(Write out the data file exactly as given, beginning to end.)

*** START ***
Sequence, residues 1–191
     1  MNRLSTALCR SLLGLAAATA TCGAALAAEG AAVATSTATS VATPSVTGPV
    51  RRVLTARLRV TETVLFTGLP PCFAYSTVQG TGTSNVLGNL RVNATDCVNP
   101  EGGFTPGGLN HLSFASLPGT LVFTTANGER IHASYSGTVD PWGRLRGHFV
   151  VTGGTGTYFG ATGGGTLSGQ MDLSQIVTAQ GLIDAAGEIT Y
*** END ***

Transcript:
Sequence, residues 1–191
     1  MNRLSTALCR SLLGLAAATA TCGAALAAEG AAVATSTATS VATPSVTGPV
    51  RRVLTARLRV TETVLFTGLP PCFAYSTVQG TGTSNVLGNL RVNATDCVNP
   101  EGGFTPGGLN HLSFASLPGT LVFTTANGER IHASYSGTVD PWGRLRGHFV
   151  VTGGTGTYFG ATGGGTLSGQ MDLSQIVTAQ GLIDAAGEIT Y